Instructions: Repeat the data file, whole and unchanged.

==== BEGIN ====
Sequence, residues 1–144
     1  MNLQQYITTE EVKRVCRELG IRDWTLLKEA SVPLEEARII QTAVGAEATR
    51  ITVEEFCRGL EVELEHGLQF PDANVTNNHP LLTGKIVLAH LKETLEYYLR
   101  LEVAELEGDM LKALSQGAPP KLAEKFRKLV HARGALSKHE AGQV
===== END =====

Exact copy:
Sequence, residues 1–144
     1  MNLQQYITTE EVKRVCRELG IRDWTLLKEA SVPLEEARII QTAVGAEATR
    51  ITVEEFCRGL EVELEHGLQF PDANVTNNHP LLTGKIVLAH LKETLEYYLR
   101  LEVAELEGDM LKALSQGAPP KLAEKFRKLV HARGALSKHE AGQV